What justice for Iran’s international crimes?
OPINION. Outside the UN General Assembly, Iran has just reiterated that its national Hamid Nouri, former prosecutor and prison officer, was illegally convicted in Sweden this summer. Thanks to universal jurisdiction, international justice is progressing, but, sometimes, politics twists the law, as our reporter stated.
On July 14, 2022, Hamid Nouri, a 61-year-old Iranian citizen, was sentenced to life imprisonment by a Swedish court for his involvement in the executions of thousands of political opponents to the regime back in 1988. After 92 days of hearings during which the court heard 72, including 34 plaintiffs, 26 witnesses and 12 experts, the judges reached a unanimous verdict finding Hamid Nouri guilty of murder and war crimes involving the deaths of a 96 people.
The civil society has widely documented mass murders in Iranian prisons that had been ordered by Ayatollah Khomeini from July to September 1988. Reports find that between 2,800 and 5,000 men and women were hanged after secret courts called “death committees” issued summary judgements.
First conviction for the 1988 mass murders
Hamid Nouri is the very first person ever to be convicted of these murders, which makes this verdict a landmark case with major implications. The Iranian Foreign Minister made no mistake, stating immediately after the issuance that it was politically motivated and with no legal basis. The UN Special Rapporteur on human rights in Iran welcomed this historic verdict in a statement.
According to Swedish Prosecutor Kristina Lindhoff Carleson, no fewer than 600 to 700 people were killed in three months in Gohardasht prison alone, northwest of Tehran in Karaj. During the trial in Sweden, former prisoners testified that Hamid Nouri helped select those who were to be put before the “death committees” and was also personally involved in acts of torture. During the trial, Hamid Nouri’s defense argued that he had never worked at Gohardasht prison, but rather at Evin prison in Tehran as an administrator.
An extraordinary legal first
This case is spectacular on many levels, including in the way it formally began.
In order for a court to be seized of an international crime case, there must be a connection with the charged person, such as his/her nationality, or his/her residence in the country where s/he was arrested. The latter scenario was the case of Alieu Kosiah, a Liberian citizen living in Switzerland and who was sentenced for war crimes he committed in Liberia in June 2021 by the Federal Criminal Court (FCC).
However, in Hamid Nouri’s case, the link between Nouri and Sweden was not established by a Swedish nationality or his residence in this country, but rather by the fact that he landed at Stockholm airport in 2019. Hamid Nouri had indeed come to Sweden of his own free will, but he had made this trip after his ex-son-in-law set him up. His ex-son-in-law used to live In Sweden and previously reached out to Iraj Mesdaghi, a political opponent who had taken refuge in Sweden, spent a decade in Iranian prisons, and seen Hamid Nouri in the corridors of Gohardasht prison in 1988.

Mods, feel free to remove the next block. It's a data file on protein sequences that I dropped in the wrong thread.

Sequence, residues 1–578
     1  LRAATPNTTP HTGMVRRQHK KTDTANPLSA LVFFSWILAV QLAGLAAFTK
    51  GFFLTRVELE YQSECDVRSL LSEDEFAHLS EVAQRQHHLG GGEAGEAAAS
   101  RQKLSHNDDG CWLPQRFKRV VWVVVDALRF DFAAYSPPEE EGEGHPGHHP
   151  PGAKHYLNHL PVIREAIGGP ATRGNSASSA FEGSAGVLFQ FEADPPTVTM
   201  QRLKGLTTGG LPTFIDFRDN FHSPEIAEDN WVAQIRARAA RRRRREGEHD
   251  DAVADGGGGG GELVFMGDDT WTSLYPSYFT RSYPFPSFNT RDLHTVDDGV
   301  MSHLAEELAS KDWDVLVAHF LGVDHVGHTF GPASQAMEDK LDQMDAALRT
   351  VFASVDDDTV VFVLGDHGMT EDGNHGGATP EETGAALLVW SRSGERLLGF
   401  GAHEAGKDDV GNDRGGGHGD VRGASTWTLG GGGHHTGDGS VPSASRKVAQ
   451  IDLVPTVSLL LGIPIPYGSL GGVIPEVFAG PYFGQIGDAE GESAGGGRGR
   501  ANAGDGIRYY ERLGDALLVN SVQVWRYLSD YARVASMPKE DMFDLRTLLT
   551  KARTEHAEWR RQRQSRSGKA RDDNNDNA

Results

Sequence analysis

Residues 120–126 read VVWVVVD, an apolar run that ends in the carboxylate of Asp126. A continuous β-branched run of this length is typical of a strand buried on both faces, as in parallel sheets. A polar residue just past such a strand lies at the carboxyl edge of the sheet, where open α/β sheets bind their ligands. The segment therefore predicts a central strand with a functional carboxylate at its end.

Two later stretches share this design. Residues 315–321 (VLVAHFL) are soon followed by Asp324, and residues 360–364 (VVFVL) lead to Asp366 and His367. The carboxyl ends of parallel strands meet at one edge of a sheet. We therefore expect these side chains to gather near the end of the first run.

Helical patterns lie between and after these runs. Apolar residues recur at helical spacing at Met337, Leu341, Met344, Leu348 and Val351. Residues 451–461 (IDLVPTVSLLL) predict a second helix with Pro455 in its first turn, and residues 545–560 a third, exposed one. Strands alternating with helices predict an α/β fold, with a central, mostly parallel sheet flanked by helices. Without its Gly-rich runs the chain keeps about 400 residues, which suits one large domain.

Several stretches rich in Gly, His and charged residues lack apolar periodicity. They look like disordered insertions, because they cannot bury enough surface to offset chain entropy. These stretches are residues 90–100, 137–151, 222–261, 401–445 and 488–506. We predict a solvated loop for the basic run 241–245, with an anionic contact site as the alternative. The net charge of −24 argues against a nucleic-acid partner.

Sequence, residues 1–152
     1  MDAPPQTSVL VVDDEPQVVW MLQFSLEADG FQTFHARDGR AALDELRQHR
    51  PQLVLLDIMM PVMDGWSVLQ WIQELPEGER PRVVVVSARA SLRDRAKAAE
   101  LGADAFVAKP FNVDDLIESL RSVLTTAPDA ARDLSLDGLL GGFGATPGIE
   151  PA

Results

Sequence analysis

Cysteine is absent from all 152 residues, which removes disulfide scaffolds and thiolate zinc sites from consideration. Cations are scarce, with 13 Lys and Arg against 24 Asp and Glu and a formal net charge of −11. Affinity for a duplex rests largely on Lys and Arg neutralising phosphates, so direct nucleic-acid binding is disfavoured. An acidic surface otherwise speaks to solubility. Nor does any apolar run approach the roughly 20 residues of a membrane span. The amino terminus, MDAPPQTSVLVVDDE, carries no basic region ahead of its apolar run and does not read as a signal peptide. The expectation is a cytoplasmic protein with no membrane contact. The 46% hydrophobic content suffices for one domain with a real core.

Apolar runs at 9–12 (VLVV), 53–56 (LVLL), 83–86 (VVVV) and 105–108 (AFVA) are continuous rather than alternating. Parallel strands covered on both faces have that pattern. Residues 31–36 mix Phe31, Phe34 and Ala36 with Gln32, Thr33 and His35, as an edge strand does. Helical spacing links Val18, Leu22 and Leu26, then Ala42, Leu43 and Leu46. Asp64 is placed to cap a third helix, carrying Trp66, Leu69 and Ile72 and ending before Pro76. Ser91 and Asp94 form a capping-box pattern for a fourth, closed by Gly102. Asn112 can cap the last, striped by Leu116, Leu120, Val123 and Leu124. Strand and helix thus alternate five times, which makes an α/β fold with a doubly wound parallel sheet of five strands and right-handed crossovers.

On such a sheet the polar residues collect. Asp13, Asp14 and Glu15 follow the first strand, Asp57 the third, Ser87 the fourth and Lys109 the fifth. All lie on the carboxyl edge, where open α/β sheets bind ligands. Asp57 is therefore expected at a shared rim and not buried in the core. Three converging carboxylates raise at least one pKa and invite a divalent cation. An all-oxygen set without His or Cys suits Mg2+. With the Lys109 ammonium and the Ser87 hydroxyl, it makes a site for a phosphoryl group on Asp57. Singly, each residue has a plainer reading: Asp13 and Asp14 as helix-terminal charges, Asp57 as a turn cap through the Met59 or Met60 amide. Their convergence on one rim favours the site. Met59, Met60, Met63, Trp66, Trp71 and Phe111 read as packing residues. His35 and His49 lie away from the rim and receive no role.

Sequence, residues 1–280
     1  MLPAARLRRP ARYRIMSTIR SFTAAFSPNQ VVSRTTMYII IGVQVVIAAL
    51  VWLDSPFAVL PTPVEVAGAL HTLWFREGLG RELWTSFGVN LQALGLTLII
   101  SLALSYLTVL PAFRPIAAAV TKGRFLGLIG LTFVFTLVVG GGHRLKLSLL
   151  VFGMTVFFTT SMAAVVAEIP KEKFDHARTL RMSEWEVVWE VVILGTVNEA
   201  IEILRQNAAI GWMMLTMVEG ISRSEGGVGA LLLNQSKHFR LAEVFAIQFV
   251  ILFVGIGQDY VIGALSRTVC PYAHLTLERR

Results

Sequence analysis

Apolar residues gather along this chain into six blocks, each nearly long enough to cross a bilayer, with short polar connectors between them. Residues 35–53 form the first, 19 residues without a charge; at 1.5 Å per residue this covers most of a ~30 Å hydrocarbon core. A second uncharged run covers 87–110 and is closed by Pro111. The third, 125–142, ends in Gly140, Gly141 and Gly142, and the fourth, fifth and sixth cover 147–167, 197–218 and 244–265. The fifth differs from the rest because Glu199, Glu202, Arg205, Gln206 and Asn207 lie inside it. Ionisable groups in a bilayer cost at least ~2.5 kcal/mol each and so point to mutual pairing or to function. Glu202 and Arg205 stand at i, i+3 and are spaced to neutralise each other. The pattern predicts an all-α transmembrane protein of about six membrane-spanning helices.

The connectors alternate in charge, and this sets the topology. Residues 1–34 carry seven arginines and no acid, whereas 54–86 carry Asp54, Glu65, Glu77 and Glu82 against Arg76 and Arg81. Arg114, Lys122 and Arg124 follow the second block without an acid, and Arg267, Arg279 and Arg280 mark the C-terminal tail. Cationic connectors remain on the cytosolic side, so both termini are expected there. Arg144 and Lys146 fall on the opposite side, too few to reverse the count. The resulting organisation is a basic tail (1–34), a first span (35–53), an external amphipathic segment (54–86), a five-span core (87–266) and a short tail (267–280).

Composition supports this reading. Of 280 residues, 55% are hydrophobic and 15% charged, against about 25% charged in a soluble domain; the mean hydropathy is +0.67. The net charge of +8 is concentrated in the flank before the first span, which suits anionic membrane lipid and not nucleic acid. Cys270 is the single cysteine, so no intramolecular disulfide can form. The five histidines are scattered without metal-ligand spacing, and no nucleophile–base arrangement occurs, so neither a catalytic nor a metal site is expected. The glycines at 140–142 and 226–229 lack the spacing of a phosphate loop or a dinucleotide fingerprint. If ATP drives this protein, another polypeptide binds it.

Upon Hamid Nouri’s arrival on Swedish territory, a complaint had already been filed, which later led to his arrest whe he got off the plane on November 9, 2019 at Arlanda Airport in Stockholm.
Swiss judges have also recently contributed to take the law further in the context of the systematic elimination of any opposition by the Iranian authorities. As Counsel Raphaël Jakob recently wrote in Le Temps, the FCC ordered in September 2021 the Public Ministry of the Confederation (MPC) to reopen the investigation into the murder of Iranian opponent Kazem Rajavi in Coppet in 1990, and to qualify this murder as a genocidal act or crime against humanity, rejecting the conservative interpretation defended by the MPC according to which it was a “simple” assassination.
The primacy of national interests
When judges are taking the law further, political considerations may set it back.
Indeed, if the Swedish authorities have not flinched so far facing Iranian pressure, especially with the eventual execution of a dual Swedish-Iranian national, Professor Ahmadreza Djalali, accused of espionage, who could have been “exchanged” for Hamid Nouri, it seems that Belgian parliamentarians have not followed the same approach-
A few days after Hamid Nouri’s conviction, the Belgian parliament ratified a treaty opening the way for prisoner exchanges with Iran. This treaty would allow the exchange of Belgian citizen Olivier Vandecasteele – former director in Iran of a Norwegian humanitarian organization who is languishing in Iranian prisons on espionage charges – for Iranian citizen Assadollah Asadi. Assadollah Asadi is an Iranian diplomat who was sentenced in Belgium in February 2021 to 20 years in prison for attempting to detonate a bomb during a political rally of the Iranian opposition in Villepinte, north of Paris.
However, it seems clear, as it was written following the ratification of this treaty, that exchanging a person convicted of terrorism in a fair trial in Europe for a person who is visibly held hostage by a state that does not care about respect for human rights only paves the way for more arbitrary and unfair arrests of foreigners in Iran, and in other countries.
Once again, hope could come from judges, as the Brussels Court of Appeal temporarily prevented the Belgian state from extraditing Assadollah Asadi to Iran in July 2022.
A case to follow…